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What is Arthritis?

Arthritis is a condition characterized by inflammation of a joint(s) causing pain, swelling and stiffness. There are many kinds of arthritis. Each type of arthritis has different symptoms and treatments. Most types of arthritis are chronic. Chronic arthritis occurs over a long period of time.

Arthritis can attack joints in almost any part of the body. Some forms of arthritis cause changes you can see and feel—swelling, warmth, and redness in your joints. In some forms of arthritis, the pain and swelling last only a short time, but are very bad. Other types of arthritis cause less troublesome symptoms, but still slowly damage your joints.

Common Kinds of Arthritis

Arthritis is one of the most common diseases in the United States. Millions of adults and half of all people age 65 and older are troubled by this disease. Older people most often have osteoarthritis, rheumatoid arthritis, and/or gout.

Osteoarthritis is the most common type of arthritis in older people. Osteoarthritis starts when cartilage begins to become ragged and wears away. Cartilage is the tissue that pads bones in a joint. In severe cases of osteoarthritis, all of the cartilage in a joint wears away, leaving bones that rub against each other. You are most likely to have osteoarthritis in your hands, neck, lower back, or the large weight-bearing joints of your body, such as knees and hips.

Symptoms of Osteoarthritis

Symptoms of osteoarthritis can range from stiffness and mild pain that comes and goes with activities like walking, bending, or stooping to severe joint pain that keeps on even when you rest or try to sleep. Sometimes osteoarthritis causes your joints to feel stiff when you haven’t moved them in a while, like after riding in the car. But the stiffness goes away when you move the joint. In time, osteoarthritis can also cause problems moving joints and sometimes disability if your back, knees, or hips are affected.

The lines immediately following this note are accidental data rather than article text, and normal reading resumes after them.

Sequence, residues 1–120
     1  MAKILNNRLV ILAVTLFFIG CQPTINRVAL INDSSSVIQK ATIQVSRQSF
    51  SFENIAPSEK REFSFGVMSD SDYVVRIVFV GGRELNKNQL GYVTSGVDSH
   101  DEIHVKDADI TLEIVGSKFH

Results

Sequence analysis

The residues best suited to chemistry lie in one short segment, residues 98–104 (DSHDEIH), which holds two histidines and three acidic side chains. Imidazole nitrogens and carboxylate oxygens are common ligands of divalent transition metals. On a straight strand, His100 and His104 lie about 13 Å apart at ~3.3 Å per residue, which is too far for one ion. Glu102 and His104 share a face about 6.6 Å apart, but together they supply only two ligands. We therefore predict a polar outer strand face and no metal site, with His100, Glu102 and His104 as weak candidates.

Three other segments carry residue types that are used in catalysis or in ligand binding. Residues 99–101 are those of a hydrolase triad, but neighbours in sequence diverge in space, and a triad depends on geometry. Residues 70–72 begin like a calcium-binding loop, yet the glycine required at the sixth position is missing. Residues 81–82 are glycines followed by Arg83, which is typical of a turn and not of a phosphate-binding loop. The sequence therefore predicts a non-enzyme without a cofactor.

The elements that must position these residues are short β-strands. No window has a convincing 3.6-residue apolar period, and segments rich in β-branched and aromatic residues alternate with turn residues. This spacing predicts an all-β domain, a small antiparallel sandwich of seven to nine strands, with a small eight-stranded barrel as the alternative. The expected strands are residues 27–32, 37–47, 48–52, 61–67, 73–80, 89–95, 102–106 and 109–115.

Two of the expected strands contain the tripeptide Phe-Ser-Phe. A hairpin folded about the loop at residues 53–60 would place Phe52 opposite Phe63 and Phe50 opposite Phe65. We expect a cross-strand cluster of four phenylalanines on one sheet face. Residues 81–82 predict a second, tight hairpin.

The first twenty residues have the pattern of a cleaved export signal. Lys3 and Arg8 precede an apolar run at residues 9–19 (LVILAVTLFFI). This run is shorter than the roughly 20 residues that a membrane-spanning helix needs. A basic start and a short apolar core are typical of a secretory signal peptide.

What causes Osteoarthritis?

Growing older is what most often puts you at risk for osteoarthritis. Scientists also believe the cause depends on which part of the body is involved. For example, osteoarthritis in the hands or hips may run in families. Osteoarthritis in the knees can be linked with being overweight. Injuries or overuse may cause osteoarthritis in joints such as knees, hips, or hands.

Rheumatoid Arthritis is an autoimmune disease. Rheumatoid arthritis is a condition that occurs when your body attacks the lining of a joint just as it would if it were trying to protect you from injury or disease. For example, if you had a splinter in your finger, the finger would become inflamed—painful, red, and swollen. Rheumatoid arthritis leads to inflammation in your joints. This inflammation causes pain, swelling, and stiffness that lasts for hours. Rheumatoid arthritis can occur in many different joints at the same time. You might not even be able to move the joint. People with rheumatoid arthritis often don’t feel well. They may be tired or run a fever. People of any age can develop rheumatoid arthritis, and it is more common in women.

Rheumatoid arthritis can attack almost any joint in the body, including the joints in the fingers, wrists, shoulders, elbows, hips, knees, ankles, feet, and neck. If you have rheumatoid arthritis in a joint on one side of the body, the same joint on the other side of your body will probably have rheumatoid arthritis also. Rheumatoid arthritis not only destroys joints. It can also attack organs such as the heart, muscles, blood vessels, nervous system, and eyes.

Gout is one of the most painful forms of arthritis. Gout begins when crystals of uric acid form in the connective tissue and/or joint spaces. These deposits lead to swelling, redness, heat, pain, and stiffness in the joint. Gout attacks often follow eating foods like shellfish, liver, dried beans, peas, anchovies, or gravy. Using alcohol, being overweight, and certain medications may also make gout worse. In older people, some blood pressure medicines can also increase your chance of a gout attack.

Gout is most often a problem in the big toe, but it can affect other joints, including your ankle, elbow, knee, wrist, hand, or other toes. Swelling may cause the skin to pull tightly around the joint and make the area red or purple and very tender. Your doctor might suggest blood tests and x-rays. He or she might also take a sample of fluid from your joint while you are having an attack.

Other forms of arthritis include psoriatic arthritis, ankylosing spondylitis, reactive arthritis, and arthritis in the temporomandibular joint.

General Symptoms of Arthritis

Some of the most common symptoms of arthritis are:

  • Lasting joint pain
  • Joint swelling
  • Joint stiffness
  • Tenderness or pain when touching a joint
  • Problems using or moving a joint normally
  • Warmth and redness in a joint.

If any one of these symptoms lasts longer than 2 weeks, see your regular doctor or a rheumatologist. If you have a fever, feel physically ill, suddenly have a swollen joint, or have problems using your joint, see your doctor immediately.

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